Friday, February 23, 2024

MIT’s passive cooling system keeps items cool without using electricity

Researchers at MIT have developed an innovative passive cooling system that preserves food crops and supplements conventional air conditioners in buildings, with no need for power and only a small need for water.

The new cooling system combines radiative cooling, evaporative cooling, and thermal insulation in a slim package that could resemble existing solar panels. It can provide up to about 19 degrees Fahrenheit (9.3 degrees Celsius) of cooling from the ambient temperature. MIT says the technology could permit safe food storage for about 40% longer under very humid conditions or triple the safe storage time under dryer conditions.

The system takes the form of a solar panel made up of three layers of material, which together provide cooling as water and heat pass through the device. It can be placed over or around the items that need to be kept cool, such as containers of food and medications. The new cooling system could be used to significantly reduce the load on air conditioning systems in buildings by sending cool water to the hottest part of the system while staying just as effective.

The top layer of the system is an aerogel, made up mostly of air enclosed in the polyethylene cavities. The material is highly insulating but freely allows both water vapor and infrared radiation to pass through, providing evaporative and radiative cooling, respectively.

In the middle is a porous hydrogel that is mostly composed of water. This provides the water source for evaporative cooling, as water vapor forms at its surface, and the vapor passes up right through the aerogel layer and out to the environment.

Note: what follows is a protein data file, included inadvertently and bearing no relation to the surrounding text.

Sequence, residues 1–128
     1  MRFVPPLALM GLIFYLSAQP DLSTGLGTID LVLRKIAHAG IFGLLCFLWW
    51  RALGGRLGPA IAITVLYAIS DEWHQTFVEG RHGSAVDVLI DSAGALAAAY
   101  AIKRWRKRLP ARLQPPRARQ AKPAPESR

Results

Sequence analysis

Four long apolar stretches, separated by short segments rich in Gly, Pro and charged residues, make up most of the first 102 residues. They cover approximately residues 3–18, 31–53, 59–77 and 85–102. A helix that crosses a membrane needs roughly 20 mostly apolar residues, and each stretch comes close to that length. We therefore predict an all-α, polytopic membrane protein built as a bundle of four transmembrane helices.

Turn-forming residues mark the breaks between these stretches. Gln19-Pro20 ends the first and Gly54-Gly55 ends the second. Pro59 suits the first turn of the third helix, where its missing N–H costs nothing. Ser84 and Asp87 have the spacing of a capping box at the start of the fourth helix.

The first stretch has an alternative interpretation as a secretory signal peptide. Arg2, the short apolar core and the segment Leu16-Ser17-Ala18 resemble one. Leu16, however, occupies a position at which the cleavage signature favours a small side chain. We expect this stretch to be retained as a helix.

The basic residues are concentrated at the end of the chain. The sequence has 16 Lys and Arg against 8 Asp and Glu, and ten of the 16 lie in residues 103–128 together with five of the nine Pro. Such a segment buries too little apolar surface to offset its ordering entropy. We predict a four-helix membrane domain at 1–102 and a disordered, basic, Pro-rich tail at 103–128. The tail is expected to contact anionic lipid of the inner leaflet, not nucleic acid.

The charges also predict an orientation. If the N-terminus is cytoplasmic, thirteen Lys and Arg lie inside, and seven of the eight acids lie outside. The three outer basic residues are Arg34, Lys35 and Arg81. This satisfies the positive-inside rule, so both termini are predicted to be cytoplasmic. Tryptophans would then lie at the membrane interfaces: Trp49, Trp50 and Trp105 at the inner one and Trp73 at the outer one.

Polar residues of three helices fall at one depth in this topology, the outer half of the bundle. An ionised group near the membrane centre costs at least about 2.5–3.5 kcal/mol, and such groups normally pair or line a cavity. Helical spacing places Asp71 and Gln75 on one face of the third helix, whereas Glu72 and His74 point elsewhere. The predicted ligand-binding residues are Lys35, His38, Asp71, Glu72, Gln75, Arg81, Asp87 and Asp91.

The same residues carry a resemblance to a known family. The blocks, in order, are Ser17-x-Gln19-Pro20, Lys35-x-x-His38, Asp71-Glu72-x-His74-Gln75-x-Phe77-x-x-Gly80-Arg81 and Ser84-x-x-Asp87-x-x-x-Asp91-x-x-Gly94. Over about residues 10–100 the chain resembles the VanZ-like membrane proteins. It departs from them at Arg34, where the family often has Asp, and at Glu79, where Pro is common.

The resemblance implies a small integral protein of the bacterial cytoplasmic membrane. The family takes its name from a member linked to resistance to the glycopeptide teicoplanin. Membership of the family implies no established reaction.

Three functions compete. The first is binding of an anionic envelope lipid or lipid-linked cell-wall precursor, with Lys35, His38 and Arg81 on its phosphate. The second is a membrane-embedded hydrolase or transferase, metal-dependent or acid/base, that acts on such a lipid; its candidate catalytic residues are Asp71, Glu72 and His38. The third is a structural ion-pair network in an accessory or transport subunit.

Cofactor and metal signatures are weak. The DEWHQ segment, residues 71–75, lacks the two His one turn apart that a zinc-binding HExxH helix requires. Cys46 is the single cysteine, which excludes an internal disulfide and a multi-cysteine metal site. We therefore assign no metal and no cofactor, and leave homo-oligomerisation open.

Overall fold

The bottom layer of the cooling system is a mirror-like material, which reflects any incoming sunlight that has reached it, sending it back up through the device rather than letting it heat up the materials and thus reducing their thermal load. The layer keeps the infrared radiation within the sun’s rays from heating the covered item. The top layer of aerogel, being a good insulator, is also highly solar-reflecting, limiting the amount of solar heating of the device, even under strong direct sunlight.

The other materials used in the system are readily available and relatively inexpensive. The only maintenance required is adding water for evaporation, but the consumption is so low that this needs only be done about once every four days in the hottest, driest areas and only once a month in wetter areas.

Journal reference:

  1. Zhengmao Lu, Arny Leroy, Lenan Zhang, Jatin J. Patil, Evelyn N. Wang, Jeffrey C. Grossman. Significantly enhanced sub-ambient passive cooling enabled by evaporation, radiation, and insulation. Cell Reports Physical Science, 2022; 101068 DOI: 10.1016/j.xcrp.2022.101068